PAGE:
Hewlett also discusses the issue of `covert contrasts’ or `incomplete neutralization’—cases where children appear to be producing two sounds the same but are actually producing them distinctly. For example, both /r/ and /w/ might be realized as something like a [w], but in fact, the productions are distinct, and children can reliably identify which word they intended from their own productions . Elsewhere, I have argued that this is a systemic problem with analyses of child phonology. Because so much of the literature on `phonological processes’ in child speech is based on transcription data, it is unclear whether these cases reflect phonological processes or covert contrasts (in which case, `phonological’ must mean something entirely different than what it is usually taken to mean).
Hewlett concludes his review of phonetic development with three findings. First, sounds that appear in babbling may disappear from a child’s sound inventory after the onset of word production. Second, although adults are very good at compensating for a bite block and hitting acoustic targets, children may be less good at this . Third, Hewlett notes that children seem readily able to acquire a foreign accent as well as a foreign language (although some more recent work  suggests that accent acquisition generally falls on a continuum based on age of acquisition). Regarding the last two findings, Hewlett concludes that children must be better than adults at learning to produce new sounds.
 Kiparsky, P. & Menn, L. (1977). On the acquisition of phonology. In Language Learning and Thought, J. Macnamara (Ed.). New York: Academic Press.
 Menn, L. (1983). Development of articulatory, phonetic, and phonological capabilities In Language Production, Vol II, B Butterworth (Ed.). London: Academic Press
 Locke, J. L. (1983). Phonological Acquisition and Change. New York: Academic Press.
 Boysson-Bardies, B. d., Halle, P., Sagart, L., & Durand, C. (1989). A crosslinguistic investigation of vowel formants in babbling. Journal of Child Language, 16(1), 1-17.
 Boysson-Bardies, B. d., & Vihman, M. M. (1991). Adaptation to language: Evidence from babbling and first words in four languages. Language, 67(2), 297-319.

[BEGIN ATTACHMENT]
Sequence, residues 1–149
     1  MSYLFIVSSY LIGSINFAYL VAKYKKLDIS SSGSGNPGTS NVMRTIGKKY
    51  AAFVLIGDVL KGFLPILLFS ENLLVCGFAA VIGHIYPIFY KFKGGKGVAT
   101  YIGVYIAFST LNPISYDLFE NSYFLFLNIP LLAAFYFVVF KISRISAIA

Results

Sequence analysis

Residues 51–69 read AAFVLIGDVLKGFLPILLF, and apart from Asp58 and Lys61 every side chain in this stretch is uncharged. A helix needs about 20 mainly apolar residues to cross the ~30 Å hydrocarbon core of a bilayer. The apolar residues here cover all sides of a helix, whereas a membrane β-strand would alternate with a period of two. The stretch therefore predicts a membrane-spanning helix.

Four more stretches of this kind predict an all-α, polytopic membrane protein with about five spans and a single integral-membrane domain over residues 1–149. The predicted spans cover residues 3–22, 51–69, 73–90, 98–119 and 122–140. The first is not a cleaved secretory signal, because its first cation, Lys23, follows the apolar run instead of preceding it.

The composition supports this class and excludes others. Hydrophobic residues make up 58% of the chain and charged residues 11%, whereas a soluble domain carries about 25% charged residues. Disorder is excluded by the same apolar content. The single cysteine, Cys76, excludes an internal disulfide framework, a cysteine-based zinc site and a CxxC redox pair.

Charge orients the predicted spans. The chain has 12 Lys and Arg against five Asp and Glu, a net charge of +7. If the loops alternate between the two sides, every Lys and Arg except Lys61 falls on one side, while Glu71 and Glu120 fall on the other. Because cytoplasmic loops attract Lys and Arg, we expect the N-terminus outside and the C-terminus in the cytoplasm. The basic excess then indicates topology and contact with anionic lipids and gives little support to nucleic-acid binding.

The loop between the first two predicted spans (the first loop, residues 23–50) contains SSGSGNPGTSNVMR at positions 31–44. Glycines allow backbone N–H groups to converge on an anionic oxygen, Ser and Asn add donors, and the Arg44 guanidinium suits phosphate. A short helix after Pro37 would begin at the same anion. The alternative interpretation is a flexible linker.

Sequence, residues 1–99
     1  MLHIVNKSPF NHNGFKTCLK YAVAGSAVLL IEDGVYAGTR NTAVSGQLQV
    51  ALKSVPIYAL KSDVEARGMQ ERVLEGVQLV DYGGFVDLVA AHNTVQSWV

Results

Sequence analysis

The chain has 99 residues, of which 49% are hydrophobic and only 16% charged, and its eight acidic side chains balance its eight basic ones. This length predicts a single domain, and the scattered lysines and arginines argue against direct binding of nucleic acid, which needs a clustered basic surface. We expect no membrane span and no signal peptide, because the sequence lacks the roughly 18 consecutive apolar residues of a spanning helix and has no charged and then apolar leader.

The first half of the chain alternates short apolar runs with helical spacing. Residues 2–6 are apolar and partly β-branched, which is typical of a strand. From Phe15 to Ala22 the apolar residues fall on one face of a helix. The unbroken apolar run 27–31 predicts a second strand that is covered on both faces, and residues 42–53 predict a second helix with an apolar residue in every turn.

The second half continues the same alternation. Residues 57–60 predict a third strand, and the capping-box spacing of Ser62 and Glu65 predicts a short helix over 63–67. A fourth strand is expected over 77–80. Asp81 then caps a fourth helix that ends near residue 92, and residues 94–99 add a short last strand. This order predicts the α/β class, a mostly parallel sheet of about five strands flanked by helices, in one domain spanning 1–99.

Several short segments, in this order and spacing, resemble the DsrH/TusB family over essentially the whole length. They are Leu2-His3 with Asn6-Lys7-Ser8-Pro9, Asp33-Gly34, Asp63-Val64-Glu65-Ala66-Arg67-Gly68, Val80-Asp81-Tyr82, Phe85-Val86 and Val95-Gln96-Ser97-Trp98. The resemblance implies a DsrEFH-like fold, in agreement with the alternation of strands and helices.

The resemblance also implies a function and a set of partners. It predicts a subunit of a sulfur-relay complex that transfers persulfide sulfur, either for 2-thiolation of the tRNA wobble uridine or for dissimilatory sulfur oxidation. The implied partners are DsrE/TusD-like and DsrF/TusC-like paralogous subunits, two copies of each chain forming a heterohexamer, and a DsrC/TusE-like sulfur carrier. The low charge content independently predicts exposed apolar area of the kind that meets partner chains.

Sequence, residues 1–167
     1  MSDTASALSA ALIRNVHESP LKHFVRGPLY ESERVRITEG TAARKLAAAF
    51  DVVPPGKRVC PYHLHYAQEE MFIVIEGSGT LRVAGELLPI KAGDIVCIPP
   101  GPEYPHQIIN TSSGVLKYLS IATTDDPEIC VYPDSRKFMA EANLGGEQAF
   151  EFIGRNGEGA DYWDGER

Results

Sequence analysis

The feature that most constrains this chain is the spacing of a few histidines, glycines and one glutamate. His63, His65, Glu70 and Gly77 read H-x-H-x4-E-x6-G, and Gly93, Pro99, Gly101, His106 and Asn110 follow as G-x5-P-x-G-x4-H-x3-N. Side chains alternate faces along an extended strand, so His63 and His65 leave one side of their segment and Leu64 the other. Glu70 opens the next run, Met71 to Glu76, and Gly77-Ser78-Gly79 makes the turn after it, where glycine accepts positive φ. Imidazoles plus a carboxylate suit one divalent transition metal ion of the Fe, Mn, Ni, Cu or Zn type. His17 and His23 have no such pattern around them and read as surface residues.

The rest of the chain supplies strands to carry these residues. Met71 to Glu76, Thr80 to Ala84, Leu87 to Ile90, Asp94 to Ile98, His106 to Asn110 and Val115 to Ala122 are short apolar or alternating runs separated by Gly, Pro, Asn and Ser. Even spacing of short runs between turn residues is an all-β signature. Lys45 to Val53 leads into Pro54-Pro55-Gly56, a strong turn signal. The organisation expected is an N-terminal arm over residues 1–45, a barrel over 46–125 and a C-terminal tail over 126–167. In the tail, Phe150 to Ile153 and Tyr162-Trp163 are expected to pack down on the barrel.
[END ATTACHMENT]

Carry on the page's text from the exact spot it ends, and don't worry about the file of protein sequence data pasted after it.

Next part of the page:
Menyuk P. & Menn, L. (1979). Early strategies for the perception and production of words and sounds. In Language Acquisition, P. Fletcher, M. Garman (Eds.). Cambridge, UK: Cambridge University Press. pp. 49-70.
 Priestly, T. M. S. (1977). One idiosyncratic strategy in the acquisition of phonology. Journal of Child Language, 4, 45-66.
 Schwartz, R. G., & Leonard, L. B. (1982). Do children pick and choose? An examination of phonological selection and avoidance in early lexical acquisition. Journal of Child Language, 9, 319-336.
 Jakobson, R. (1968). Child Language, Aphasia and Phonological Universals. The Hague: Mouton.
 Stampe, D. (1969). The acquisition of phonetic representation. Papers from the 5th Rebional Meeting of the Chicago Linguistic Society, 443-454.
 Smith, A. & Zelaznik, H. (2004) Development of functional synergies for speech motor coordination in childhood and adolescence. Developmental Psychobiology, 45, 22-33.
 Goffman, L. (1999). Prosodic influences on speech production in children with specific language impairment and speech deficits: Kinematic, transcription, and acoustic evidence. Journal of Speech, Language, and Hearing Research, 42, 1499-1517.
 Eguchi, S. & Hirsch, I. (1969). Development of speech sounds in children. Acta Otolaryngology Supplement, 257.
 Nittrouer, S., Studdert-Kennedy, M., & McGowan, R. S. (1989). The emergence of phonetic segments: Evidence from the spectral structure of fricative-vowel syllables spoken by children and adults. Journal of Speech and Hearing Research, 32, 120-132.
 Goodell, E. W. & Studdert-Kennedy, M. (1993). Acoustic evidence for the development of gestural coordination in the speech of 2-year-olds: A longitudinal study. Journal of Speech and Hearing Research, 36, 707-727.
 Kornfeld, J. R., & Goehl. (1974). A new twist to an old observation: Kids know more than they say. Chicago, IL: Chicago Linguistic Society.
 Oller, D. K. & MacNeilage, P. F. (1983). Development of speech production: Perspectives from natural and perturbed speech. In The Production of Speeech, P. F. MacNeilage (Ed.). New York: Springer Verlag, pp. 91-108.
 Flege, J. E., Munro, M. J. & MacKay, I. (1995). Factors affecting degree of perceived foreign accent in a second language, Journal of the Acoustical Society of America, 97, 3125-3134.